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  1. #21
    papagene's Avatar
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    Two locations in Arizona that I camped out at while a student many years ago:
    Mingus Mountain is one place and the Mogollon (sp?) Rim the other. When daughter #2 finishes her senior year of college (5 more years - 5 more years!!) the plan is to (me) semi-retire and my wife and I move to either someplace in Arizona or live near her sister in the Encinitas, CA area.
    We spent the last 25 yeares living near my family here in New England, and I promised her that we will eventually move closer to her's (mostly in AZ).
    I loved the mountains and high desert of Arizona.
    gene
    gene LaFord


    Long live Ed "Big Daddy" Roth!!
    ---------------------------------------------------------------------
    "I don't care about Milwaukee or Chicago." - Yvon LeBlanc

  2. #22
    rusty_tripod's Avatar
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    When I was a painter, I had the same attitude as Doughowk because so many things were disappearing. Nowadays I do photography instead of painting. Here around Phoenix so much has been paved over that is difficult to connect with the tired, the worn, and the rustic, much less undisturbed nature. Nowadays I am stuck with decaying suburbia except for those rare forays into small town America where peace still prevails. Rusty

  3. #23
    Aggie's Avatar
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    To me it is what we called the golden circle at the travel agency I worked at before I got married. I took tours out starting in Cedar City Utah. We would take in a circular route that first stopped at Zion National Park another place I worked at for several summers putting myself through college. From there we would trabvel to the No. Rim of the Grand Canyon. Next stop would be Lake Powell with side trips over to Monument Valley and other places on the Rez. then it was up to Bryce Canyon for a couple of nights, and back over Cedar Mountain to Cedar City Utah. There is such a diversity from alpine to desert in that circle I can never be tired of it. I know the seasons, and the moods of the weather. I like the peole and as mu husband jokes, I better I dated half of them before I met and married him. Like many other regions it is disappearing from what I knew. Too many people and development.

  4. #24

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    This is a hard one and I've failed to reply several times today. I love fields when the crops are almost ready to harvest, hills where the mist is just burning off and there's just me and the wild creatures, there again the wild untamed sea crashing into everything that attempts to stand in it's way. I guess at the end of the day I'm only really happy when I'm behind my camera searching for that next shot. So on those grounds my heart is wherever the next picture is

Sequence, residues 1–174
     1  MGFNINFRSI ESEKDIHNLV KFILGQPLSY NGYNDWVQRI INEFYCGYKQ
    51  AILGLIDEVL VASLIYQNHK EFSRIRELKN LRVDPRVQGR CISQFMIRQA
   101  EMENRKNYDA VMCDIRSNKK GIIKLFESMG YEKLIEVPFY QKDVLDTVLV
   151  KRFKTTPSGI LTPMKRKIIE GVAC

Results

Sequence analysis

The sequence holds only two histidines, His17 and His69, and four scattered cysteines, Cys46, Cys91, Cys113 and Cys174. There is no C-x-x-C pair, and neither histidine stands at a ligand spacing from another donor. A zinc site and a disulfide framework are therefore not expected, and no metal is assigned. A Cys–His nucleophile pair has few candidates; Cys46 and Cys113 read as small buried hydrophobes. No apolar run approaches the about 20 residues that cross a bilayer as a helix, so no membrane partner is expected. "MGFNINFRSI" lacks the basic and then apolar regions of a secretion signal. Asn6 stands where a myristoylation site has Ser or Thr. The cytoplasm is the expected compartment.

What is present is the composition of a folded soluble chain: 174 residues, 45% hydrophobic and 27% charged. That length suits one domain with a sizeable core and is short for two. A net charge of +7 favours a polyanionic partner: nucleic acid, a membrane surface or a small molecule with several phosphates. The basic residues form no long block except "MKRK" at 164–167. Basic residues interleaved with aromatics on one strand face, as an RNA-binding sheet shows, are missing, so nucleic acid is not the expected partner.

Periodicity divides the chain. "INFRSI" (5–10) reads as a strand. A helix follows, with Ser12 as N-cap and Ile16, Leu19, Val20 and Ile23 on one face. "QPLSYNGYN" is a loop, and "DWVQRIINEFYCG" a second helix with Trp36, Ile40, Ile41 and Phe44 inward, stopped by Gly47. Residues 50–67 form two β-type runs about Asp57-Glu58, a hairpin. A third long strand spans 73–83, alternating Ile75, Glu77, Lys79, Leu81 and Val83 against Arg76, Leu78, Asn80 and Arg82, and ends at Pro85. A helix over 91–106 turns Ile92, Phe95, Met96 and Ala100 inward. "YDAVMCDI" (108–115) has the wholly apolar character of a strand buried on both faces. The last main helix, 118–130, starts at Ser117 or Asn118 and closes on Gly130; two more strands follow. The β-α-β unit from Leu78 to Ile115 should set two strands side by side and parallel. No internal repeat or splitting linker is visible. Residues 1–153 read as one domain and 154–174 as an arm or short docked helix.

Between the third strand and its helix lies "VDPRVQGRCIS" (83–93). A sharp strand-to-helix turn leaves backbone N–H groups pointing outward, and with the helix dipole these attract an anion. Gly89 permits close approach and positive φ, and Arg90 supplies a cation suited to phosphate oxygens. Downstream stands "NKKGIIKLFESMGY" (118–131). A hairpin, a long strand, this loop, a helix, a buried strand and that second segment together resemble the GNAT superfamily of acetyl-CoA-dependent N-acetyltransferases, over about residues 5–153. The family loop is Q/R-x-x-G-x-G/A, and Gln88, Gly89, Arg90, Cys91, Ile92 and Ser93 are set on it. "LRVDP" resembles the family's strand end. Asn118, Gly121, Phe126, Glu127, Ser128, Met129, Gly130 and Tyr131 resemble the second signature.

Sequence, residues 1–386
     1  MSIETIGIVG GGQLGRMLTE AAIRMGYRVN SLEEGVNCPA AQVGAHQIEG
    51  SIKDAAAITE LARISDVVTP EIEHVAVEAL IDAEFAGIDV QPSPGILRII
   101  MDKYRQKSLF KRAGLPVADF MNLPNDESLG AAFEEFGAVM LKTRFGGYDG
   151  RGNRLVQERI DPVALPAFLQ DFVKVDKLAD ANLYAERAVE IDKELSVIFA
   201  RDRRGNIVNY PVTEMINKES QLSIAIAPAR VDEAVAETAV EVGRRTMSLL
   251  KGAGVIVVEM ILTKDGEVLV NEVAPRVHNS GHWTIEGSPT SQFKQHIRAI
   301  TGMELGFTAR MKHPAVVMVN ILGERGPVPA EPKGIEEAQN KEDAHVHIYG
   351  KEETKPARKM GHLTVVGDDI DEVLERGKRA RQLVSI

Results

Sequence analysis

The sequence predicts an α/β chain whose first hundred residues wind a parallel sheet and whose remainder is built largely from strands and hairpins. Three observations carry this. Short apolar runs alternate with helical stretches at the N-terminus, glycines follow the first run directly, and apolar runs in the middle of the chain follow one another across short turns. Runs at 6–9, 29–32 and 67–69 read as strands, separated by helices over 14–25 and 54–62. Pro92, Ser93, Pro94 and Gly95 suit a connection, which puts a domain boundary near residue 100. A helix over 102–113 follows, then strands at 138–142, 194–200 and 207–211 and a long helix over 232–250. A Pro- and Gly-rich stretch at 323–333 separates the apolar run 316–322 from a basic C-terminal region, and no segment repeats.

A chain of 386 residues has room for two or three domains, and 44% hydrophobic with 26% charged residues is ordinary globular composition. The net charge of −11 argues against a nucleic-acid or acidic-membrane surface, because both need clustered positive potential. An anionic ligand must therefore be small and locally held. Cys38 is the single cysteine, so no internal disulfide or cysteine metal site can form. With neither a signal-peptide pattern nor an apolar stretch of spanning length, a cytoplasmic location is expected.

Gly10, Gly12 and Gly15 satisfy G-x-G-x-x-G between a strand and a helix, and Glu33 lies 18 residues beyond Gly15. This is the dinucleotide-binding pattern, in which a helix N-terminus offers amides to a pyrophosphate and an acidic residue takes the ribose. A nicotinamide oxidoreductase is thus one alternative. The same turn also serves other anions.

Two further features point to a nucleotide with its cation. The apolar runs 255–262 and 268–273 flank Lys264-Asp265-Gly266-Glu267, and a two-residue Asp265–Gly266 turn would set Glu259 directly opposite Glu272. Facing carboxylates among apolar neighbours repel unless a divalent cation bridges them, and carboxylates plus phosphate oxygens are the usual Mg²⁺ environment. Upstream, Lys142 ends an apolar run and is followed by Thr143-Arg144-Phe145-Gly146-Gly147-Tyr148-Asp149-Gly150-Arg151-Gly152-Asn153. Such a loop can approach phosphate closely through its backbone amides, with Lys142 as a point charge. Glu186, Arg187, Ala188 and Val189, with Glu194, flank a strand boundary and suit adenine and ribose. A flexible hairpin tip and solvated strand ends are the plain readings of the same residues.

5. #25

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    For me it is the Colorado Rockies... a mere 13 hour drive from here. Whenever work gets stressful, I turn to the Rockies to relieve my stress with hiking and photography. It probably comes from my early 20s when I would backpack there and photograph the "marrow of the earth".

    Kevin

  6. #26
    rogueish's Avatar
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    The modern heart of the business district of any fair sized city.
    The old (older the better) quaters of any village,town or city.
    Tobermore, Mono Cliffs Provincal Park, anywhere on the shores of Lake Superior, Egan Chute, Bancroft, Cafe Ole ...
    Sorry, got carried away. I think (after all that) that my heart lays in jumping in the car, throwing the map out the window, and seeing where the road takes me. (and buying a new map to find my way home)

  7. #27
    clogz's Avatar
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    To quote Theodore Roethke: I learn by going where I have to go. Wise words.
    Digital is best taken with a grain of silver.

  8. #28

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    Quote Originally Posted by clogz
    To quote Theodore Roethke: I learn by going where I have to go. Wise words.
    True indeed.

  9. #29
    clogz's Avatar
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    Yeah, I wake to sleep and take my waking slow, I learn by going where I have to go.
    What if you could make a picture with this in mind?
    Hans
    Digital is best taken with a grain of silver.

  10. #30

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    New Orleans. My wife and I lived there for 6 years ('85-'91), and our first child was born there. We left to return to Huntsville, Alabama, where my wife's family lives, where the schools are better, etc.

    Now, 13 years later, I still miss it terribly. We always lived in Mid-City, out around the art museum, and I worked at the convention center downtown on the river. My daily commute, by car, bus, or bicycle, was down Esplanade Ave and through the French Quarter. It was always lovely, and on the frequent foggy mornings it was magical. I loved the food, the music, the vibrant culture, the architecture. It was, believe it or not, the most family-friendly place, and the people are gracious and open-minded.

    Unfortunately, this was before my photographic obsession began. We visit frequently, and it's a photographer's dream. I will live there again.
    "If You Push Something Hard Enough, It Will fall over" - Fudd's First Law of Opposition

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